Underwater cellars, wines matured in the sea, vague hints of saltiness, robust young men with long beards sporting a mixed Italo-Anglophone dictionary, shaking glasses with swollen chests like in the best marketing offices in Milan and Parma… Actually, sea wines are not exactly a novelty for our beloved fermented grape drink.
In Cato‘s time (2nd century BC), the Romans’ appreciation of Greek wine was already evident to the point of being systematically imitated. Findings of amphorae in Modena, which had been wrested from the local Celt tribes, the Boi Gauls, as early as the 3rd century B.C. show that wine was very frequently present on the tables of the wealthy, to the point that, just as today, a strict classification by quality was made according to grape variety, processing, and origin. A bit like in our wine shops today.
What does this have to do with sea wines? Well, it seems that oenological techniques were not exactly advanced at the time, and in these amphorae were found the remains of a wine that was laced and preserved with seawater and defrutum, a kind of cooked must related to the saba we (in Modena, Italy) use today, in Modena, as the base for balsamic vinegar.
The greatest expert on wine in the history of Ancient Rome, the archaeologist André Tchernia (whose books have never been translated to Italian, it seems, much to the frustration of the undersigned who has to approach the French language with dictionary and apps) speaks extensively in his writings of wine preservation techniques permuted by the peoples of the eastern Mediterranean, from which the Romans later (and the Etruscans and Celts before them) purchased prized wines such as that of Kos (which is still produced with lots of resins! ) and that of Rhodes. Of these correction techniques and on how to save wines that were beginning to show an acetic hint I will tell you more later when we talk about posca, sguazzone, vin sottile and puntalone :-), but suffice it to say that herbs, honey, resins and spices were regularly added until the late 17th century to correct wine faults when ancient analogs of today’s vermuth and sangria were the order of the day on our tables.
It also seems that in the Modena area, at the time when it was called Mutina, the most popular wines were precisely the latter, of a type that today we would call passiti, diluted therefore in small percentages with saline solutions that at the time were considered to have conservation functions, as is also the case with cheeses and cured meats. The Romans sadly tried to imitate them in a sometimes unequal competition, a bit like what happens today in the friendly competition that has been going on for decades between us and France, trying drying techniques that even reached four years under the sun (again, see Cato). Even Columella had codified procedures to imitate Greek wine, which was left to age in terracotta amphorae a bit like we do today with barrels such as the famous barrique.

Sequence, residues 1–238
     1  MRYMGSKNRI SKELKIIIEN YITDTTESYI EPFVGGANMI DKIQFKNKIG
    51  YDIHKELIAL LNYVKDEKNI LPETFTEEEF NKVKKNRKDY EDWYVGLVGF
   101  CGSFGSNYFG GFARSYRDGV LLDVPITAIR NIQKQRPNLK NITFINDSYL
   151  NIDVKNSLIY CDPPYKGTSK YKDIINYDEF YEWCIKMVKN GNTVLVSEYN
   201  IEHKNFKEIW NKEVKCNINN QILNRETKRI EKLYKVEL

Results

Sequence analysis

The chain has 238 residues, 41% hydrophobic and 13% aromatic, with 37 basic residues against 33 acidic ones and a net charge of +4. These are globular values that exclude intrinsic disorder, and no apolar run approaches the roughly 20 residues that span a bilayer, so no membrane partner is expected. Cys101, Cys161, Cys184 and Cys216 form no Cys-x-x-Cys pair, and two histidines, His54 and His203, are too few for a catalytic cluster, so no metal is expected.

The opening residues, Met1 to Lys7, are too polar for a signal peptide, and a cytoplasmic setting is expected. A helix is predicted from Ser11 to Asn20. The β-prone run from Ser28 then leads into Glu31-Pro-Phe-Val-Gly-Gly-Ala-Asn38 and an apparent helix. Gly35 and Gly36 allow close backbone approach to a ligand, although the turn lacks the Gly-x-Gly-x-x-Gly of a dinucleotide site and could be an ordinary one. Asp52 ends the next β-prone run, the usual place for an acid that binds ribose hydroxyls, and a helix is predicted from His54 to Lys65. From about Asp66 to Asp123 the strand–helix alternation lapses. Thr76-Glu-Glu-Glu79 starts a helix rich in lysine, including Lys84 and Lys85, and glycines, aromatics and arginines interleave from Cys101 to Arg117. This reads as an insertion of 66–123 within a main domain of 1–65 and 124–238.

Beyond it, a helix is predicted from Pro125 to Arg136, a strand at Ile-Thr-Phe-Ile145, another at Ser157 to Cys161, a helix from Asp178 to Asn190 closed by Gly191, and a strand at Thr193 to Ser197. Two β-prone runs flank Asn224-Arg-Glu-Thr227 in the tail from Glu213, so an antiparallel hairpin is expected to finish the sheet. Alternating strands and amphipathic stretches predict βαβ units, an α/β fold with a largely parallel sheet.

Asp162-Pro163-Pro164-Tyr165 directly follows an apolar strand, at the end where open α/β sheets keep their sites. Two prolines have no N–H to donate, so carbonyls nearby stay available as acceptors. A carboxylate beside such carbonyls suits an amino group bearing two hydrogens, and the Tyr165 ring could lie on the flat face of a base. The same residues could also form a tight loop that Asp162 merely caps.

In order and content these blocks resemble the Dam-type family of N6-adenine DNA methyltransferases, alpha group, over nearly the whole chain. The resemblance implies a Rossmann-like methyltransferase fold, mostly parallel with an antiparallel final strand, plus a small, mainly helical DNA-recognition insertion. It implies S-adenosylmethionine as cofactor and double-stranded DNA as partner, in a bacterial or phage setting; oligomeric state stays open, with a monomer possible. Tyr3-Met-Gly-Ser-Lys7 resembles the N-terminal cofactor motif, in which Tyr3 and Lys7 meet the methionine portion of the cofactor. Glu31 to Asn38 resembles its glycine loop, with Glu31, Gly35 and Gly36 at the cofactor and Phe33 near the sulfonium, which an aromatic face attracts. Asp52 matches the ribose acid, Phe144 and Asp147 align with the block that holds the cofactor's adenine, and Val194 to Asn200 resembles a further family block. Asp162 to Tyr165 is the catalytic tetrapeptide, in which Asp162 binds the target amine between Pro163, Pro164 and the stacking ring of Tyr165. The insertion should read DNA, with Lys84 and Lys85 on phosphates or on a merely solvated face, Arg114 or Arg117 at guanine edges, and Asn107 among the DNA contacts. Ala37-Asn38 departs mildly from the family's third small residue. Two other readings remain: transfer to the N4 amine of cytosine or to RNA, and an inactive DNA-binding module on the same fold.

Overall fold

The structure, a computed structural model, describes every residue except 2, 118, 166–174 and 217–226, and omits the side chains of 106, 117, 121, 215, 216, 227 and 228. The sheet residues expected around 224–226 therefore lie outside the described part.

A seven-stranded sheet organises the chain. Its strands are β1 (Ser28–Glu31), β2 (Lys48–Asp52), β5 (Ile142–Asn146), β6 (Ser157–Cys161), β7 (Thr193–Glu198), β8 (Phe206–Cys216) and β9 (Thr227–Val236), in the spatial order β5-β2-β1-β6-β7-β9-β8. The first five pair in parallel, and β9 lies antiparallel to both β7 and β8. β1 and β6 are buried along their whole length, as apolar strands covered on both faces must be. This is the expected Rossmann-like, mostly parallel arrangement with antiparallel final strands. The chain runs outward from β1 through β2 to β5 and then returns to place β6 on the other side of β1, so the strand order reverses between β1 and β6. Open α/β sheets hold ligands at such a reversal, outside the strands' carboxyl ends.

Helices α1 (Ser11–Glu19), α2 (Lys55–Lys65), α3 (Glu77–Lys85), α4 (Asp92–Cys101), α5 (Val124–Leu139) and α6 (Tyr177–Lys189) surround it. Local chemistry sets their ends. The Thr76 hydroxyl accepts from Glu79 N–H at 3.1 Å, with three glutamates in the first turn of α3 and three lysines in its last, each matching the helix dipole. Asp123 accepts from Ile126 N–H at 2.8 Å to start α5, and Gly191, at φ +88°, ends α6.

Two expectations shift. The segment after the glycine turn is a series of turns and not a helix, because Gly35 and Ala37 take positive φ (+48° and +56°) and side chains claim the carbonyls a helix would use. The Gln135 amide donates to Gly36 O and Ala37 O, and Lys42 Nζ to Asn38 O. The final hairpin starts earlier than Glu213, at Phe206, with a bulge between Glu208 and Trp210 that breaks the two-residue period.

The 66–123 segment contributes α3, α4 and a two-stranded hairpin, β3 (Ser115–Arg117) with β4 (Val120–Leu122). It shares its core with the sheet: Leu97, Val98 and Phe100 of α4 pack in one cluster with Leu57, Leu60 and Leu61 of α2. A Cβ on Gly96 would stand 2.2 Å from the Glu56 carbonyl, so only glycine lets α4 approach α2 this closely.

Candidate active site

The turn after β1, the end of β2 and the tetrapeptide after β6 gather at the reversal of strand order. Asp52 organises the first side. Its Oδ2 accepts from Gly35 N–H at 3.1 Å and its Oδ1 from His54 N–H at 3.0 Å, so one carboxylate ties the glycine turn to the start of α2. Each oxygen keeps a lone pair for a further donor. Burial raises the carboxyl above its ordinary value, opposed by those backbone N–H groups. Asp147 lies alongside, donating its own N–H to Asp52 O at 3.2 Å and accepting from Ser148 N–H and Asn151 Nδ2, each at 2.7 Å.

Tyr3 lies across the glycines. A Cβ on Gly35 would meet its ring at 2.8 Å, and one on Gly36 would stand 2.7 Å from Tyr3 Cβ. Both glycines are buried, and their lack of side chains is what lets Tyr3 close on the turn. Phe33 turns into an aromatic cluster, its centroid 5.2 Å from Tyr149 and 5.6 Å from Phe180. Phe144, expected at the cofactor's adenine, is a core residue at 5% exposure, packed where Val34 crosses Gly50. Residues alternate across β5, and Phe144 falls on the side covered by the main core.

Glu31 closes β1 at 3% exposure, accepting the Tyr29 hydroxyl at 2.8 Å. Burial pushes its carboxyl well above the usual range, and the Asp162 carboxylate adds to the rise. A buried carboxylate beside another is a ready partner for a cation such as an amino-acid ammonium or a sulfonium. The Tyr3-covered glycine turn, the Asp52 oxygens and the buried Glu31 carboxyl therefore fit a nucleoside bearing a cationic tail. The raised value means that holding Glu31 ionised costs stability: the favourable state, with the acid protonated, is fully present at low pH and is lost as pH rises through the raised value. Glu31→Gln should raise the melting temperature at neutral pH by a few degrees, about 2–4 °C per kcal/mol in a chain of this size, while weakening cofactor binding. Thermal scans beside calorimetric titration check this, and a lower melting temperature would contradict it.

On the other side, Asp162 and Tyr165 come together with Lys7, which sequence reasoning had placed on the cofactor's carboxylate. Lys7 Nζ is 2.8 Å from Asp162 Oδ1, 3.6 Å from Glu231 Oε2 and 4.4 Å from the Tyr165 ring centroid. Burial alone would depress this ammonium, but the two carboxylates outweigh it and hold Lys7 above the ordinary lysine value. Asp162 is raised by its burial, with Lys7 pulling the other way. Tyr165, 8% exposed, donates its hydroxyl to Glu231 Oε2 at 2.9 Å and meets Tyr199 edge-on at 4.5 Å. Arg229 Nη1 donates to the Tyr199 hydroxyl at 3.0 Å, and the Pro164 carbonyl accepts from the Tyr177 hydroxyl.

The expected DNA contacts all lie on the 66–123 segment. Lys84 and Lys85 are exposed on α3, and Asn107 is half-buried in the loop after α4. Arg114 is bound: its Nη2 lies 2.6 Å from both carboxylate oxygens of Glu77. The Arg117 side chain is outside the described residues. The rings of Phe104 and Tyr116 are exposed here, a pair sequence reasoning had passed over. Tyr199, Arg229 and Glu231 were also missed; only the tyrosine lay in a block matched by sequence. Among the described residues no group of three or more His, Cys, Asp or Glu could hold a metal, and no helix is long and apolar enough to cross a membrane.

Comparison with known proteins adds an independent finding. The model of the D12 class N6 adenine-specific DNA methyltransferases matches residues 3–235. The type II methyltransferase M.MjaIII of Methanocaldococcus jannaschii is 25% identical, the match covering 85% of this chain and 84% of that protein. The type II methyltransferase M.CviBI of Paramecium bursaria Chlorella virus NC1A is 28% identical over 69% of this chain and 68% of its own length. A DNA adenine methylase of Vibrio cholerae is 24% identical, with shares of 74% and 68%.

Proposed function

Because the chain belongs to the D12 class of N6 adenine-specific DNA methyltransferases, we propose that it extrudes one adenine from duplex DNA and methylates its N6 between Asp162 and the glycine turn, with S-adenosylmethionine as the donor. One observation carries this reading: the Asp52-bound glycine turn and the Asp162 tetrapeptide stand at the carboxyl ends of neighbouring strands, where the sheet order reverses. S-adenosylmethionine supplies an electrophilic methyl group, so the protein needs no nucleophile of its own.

There is still a lot to be said about the production of wine in ancient times, and that it was also drunk here in Emilia-Romagna (as throughout the Roman Empire), from the crushing in the cocciopesto (Italian for ‘large vats with a bottom made of pressed shards and debris’), but that’s enough for today. I leave you with a recipe from Cato’s De Agri Coltura, the sea wine of the food snobs of the 2nd century BC.
If you want to make Coum wine, take seawater from the high seas on a calm day with no wind, 70 days before the grape harvest, so that fresh water does not arrive (rain could alter the quality of the sea water). Once it has been taken from the ocean, pour it into a barrel, not filling it completely but leaving a five-quarter empty space. Put the lid on but make sure there is airflow. After 30 days, decant into another barrel gently, leaving the deposit at the bottom. After another 20 days, decant into another barrel, repeating the operation until the harvest. To make Coum wine, leave the grapes on the vine until they are well ripened and then pick them when dry and out of the rain, leaving them in the open air in the sun for two or three days if it does not rain. If it rains, place it under the roof on trellises and remove every rotten grain. Then take 100 litres of sea water for 50 kg of mixed grapes [‘in dolium quinquagenarium infundito aquae marinae Q. X.’]. Remove the bunches from the grapes and pour the must into the dolia, continuing until it is completely filled. Press the grapes by hand so that they absorb the sea water. Close the barrel with the perforated lid and leave it in a cool, dry place for three days. After three days, remove the contents of the cask, press them in the wine press and pour the wine into clean, dry casks.
Cato, De Agri Coltura